Volkswagen’s Golf R Hyper Hatch: A People’s Car…For Crazy People

2015 VW Golf R

Volkswagen’s Golf R. The Hyper Hatch segment is currently under construction.

If you’ve been asleep since the Reagan administration, you may have missed the automotive and cultural phenomenon known as the hot hatch. To be sure, it’s a more pronounced phenom in Europe than it is stateside; there, VWs, Fords, Opels-and-even-Peugeots fight for consumer affection and, uh, Euros. The recipe is simple enough: take a 2-box hatch, tweak the suspension and give it roughly double the horsepower of the civilian version; with that, you have yourself a more reliable route to happiness than medical marijuana. And if Volkswagen has been an ongoing player in the evolution of the hot hatch, know that the product wizards in Wolfsburg are playing an equally significant role in the evolution of the hyper hatch. You want proof? It’s pronounced Volkswagen Golf R…

VW's Golf R

From the rear: Just add ‘We want Bernie!’

Volkswagen has been building a hyper variant of its GTI for some time, and while the US has rarely been a beneficiary of same, when it does happen the True Enthusiasts get slightly weak-kneed and, once behind the wheel, are given to premature ‘excitement’. With the launch of the Golf’s seventh generation in ’15, logic – such as it is – dictated the reintroduction of the hallowed ‘R’, bringing to VW showrooms 292 horsepower (some 40% healthier than that of the cooking GTI), and boasting 280 lb-ft of torque at an easily-accessible 1800 rpm. Connected to VW’s 4Motion all-wheel drive system through VW’s most-excellent dual clutch automatic, it takes but one touch of the accelerator for you to know: this is the power of German engineering!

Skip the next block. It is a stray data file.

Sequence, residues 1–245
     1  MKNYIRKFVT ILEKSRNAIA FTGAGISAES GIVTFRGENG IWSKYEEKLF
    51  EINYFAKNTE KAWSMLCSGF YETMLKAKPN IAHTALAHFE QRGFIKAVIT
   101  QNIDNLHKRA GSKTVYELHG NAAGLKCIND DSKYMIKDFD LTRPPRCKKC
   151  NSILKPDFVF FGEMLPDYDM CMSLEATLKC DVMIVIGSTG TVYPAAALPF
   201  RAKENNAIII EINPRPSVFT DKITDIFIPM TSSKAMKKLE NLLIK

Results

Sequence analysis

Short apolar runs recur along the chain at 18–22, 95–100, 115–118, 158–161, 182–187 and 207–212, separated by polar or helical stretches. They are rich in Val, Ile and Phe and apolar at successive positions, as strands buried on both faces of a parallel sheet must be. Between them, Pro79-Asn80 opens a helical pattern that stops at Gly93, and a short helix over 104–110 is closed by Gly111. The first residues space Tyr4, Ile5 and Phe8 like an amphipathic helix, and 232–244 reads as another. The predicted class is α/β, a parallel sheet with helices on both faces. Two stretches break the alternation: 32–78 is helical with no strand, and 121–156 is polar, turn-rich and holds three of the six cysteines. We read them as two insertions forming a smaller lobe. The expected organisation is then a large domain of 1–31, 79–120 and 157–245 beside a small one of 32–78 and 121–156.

That this macadam mauler is clothed within the relatively benign confines of a 4-door hatch makes it – in my mind – especially attractive. Obviously, anyone behind the wheel of a Boxster or 370Z fully expects top-level performance; they’ve sacrificed interior space and accessibility to get it. In the Golf R there is no sacrifice – you and a companion in front, a child seat and groceries in back, and an Obama/Biden sticker on the rear hatch. And if those groceries include ice cream, know that you can get from zip to 60 in under five seconds. If your grocery store is near Laguna Seca (lucky you!), you’ll hit 155 before the Haagen (insert umlaut) Dazs melts.

It is that melding of virtues – performance and practicality – that makes the hyper hatch so attractive; rather like knowing the relatively plain girl next door is actually Marilyn Chambers… behind a green door (check her out). And in looking to produce a performance halo for their own lineups, the crazy people building the Golf R will soon be joined by equally crazy people building Fords (Focus RS) and Hondas (Civic Type R). All of which begs the oft-asked query: Who’d have thunk?

Ford Focus RS

Ford’s Focus RS: Oh, Henry!